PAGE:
For example, suppose a business had $100 million in net income for its most recent fiscal year with no preferred dividends. The company has 20 million shares outstanding. The basic EPS calculation would be:
EPS = $100 million ÷ 20 million = $5.00/share
Calculating Diluted EPS
Diluted earnings per share adjust the basic EPS figure by accounting for all potential dilution. It generally results in reported earnings per share being lower than they would have been if triggered at current prices and conditions. Consider the above example but with potential stock options granted to the employees. Employee stock options result in the issuance of five million more shares that have yet to be exercised. This is in addition to the basic EPS example’s average outstanding share count of 20 million shares. The diluted EPS calculation would then be as follows:
Diluted EPS = $100 million ÷ ((20 million + 5 million) = $4.00/share
Diluted Earnings Per Share is not widely used by investors because it is predicated on a “what if” scenario. However, it is quite popular among financial analysts. Their goal is to determine an organization’s earnings per share in its most accurate form. At the very least, investors must understand which EPS figures will be reported on public financial statements. Clearly, it matters in specific instances when using either approach. Knowing the difference between basic and diluted EPS can give an edge to an informed investor. It always helps you make use of all the information available when selecting your next opportunity.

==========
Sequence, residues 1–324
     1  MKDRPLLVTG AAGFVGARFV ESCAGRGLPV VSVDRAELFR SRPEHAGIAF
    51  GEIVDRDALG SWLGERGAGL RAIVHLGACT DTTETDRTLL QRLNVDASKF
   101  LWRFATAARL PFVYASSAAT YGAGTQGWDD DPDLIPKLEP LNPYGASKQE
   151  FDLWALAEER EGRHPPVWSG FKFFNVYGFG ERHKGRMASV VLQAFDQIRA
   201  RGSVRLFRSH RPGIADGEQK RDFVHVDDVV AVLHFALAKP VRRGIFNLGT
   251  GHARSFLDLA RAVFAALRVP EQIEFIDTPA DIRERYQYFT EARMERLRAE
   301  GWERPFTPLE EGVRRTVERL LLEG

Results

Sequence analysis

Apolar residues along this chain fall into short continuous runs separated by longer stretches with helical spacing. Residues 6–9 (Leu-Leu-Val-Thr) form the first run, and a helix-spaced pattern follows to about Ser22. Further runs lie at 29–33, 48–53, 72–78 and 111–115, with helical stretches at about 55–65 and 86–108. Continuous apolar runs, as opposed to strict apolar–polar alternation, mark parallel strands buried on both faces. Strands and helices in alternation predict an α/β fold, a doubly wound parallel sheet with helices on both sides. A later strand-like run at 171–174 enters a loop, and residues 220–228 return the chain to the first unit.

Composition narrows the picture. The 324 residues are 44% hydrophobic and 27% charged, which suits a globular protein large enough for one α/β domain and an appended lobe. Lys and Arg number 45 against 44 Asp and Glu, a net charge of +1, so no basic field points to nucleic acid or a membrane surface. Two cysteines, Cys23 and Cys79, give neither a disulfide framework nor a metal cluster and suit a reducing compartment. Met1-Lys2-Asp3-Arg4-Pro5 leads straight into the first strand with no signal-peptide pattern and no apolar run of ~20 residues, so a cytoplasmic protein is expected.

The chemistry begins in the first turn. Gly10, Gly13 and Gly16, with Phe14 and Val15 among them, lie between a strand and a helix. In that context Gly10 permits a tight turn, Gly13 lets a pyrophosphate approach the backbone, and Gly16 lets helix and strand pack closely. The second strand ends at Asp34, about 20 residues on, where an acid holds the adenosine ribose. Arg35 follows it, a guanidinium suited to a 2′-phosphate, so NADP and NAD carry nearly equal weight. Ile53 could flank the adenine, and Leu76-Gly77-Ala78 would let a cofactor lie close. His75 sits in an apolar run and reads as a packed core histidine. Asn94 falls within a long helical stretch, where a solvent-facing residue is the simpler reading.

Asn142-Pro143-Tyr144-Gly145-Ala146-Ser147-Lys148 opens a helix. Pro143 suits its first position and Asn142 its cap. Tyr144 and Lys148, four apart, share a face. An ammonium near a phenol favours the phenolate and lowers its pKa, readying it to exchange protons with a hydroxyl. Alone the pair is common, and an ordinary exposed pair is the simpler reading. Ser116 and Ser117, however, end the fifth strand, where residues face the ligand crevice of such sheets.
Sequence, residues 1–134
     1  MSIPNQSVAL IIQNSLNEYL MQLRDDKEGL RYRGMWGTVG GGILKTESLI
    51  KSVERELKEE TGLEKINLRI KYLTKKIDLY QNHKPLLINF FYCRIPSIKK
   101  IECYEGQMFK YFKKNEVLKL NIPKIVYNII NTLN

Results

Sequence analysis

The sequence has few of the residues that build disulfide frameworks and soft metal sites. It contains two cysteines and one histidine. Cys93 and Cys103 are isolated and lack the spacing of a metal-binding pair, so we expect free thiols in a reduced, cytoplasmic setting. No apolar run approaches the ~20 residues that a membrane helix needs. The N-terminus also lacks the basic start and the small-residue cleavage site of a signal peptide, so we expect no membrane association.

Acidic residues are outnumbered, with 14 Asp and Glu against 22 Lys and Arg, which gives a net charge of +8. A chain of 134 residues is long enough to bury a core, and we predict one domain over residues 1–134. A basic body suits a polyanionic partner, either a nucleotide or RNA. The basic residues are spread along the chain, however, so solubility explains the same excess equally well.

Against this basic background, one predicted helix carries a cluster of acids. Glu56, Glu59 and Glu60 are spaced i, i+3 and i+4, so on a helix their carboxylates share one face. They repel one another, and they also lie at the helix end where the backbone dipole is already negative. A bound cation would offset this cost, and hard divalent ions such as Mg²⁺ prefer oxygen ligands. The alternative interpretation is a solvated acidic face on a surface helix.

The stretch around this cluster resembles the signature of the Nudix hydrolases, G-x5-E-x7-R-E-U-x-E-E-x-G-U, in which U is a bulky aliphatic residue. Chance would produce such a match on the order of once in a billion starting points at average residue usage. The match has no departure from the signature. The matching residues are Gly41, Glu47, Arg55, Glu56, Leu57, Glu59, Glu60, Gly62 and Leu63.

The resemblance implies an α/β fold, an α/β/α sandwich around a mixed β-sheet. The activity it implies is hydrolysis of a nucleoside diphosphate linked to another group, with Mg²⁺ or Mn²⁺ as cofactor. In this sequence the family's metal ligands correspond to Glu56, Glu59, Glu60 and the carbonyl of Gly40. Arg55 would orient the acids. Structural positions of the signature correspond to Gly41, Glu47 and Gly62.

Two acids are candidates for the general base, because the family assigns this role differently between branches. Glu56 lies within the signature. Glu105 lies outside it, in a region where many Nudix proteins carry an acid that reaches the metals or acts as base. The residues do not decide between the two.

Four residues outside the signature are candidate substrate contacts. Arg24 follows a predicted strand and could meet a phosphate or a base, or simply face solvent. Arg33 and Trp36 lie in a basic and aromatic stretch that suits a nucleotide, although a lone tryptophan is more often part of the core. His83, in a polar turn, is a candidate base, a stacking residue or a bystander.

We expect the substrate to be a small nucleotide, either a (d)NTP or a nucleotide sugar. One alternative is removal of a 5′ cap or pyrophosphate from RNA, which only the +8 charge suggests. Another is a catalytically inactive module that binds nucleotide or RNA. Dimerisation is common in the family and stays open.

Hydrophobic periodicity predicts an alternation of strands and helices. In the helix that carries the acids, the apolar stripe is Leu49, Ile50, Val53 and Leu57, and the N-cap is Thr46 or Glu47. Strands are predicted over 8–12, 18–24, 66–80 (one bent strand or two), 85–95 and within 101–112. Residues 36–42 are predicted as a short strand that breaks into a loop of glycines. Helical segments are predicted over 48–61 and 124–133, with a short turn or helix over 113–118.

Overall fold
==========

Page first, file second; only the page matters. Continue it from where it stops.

Asiana Airlines to raise 100 billion won — approx. US$94 million — by issuing convertible bonds with a five-year maturity. Domestic institutional investors are scheduled to buy the debt on 13 April 2018, with the maturity on 13 April 2023. The debt can be converted into 20 million shares in the airline, beginning on 13 April 2020. Asiana plans to reduce its debt-to-equity ratio with the capital raised via the issuance. The expected net profit for 2018 is 254.5 billion won. (Source: aviator.aero)
Up Next: What Is an Intentionally Defective Grantor Trust (IDGT)?
An intentionally defective grantor (IDGT) trust is an estate-planning strategy used to freeze an individual’s assets for estate tax purposes but not for income tax purposes. The intentionally defective grantor trust is set up as a standard grantor trust, but with a loophole. The deliberate defect allows the trustor to continue paying income taxes on certain trust assets. This is even after the assets have been transferred away from the individual. A properly established IDGT is treated as separate from the grantor for federal estate and gift tax reasons. However, it is treated as owned by the grantor for federal income tax purposes. In other words, income tax laws do not recognize that those assets have been transferred away from the individual.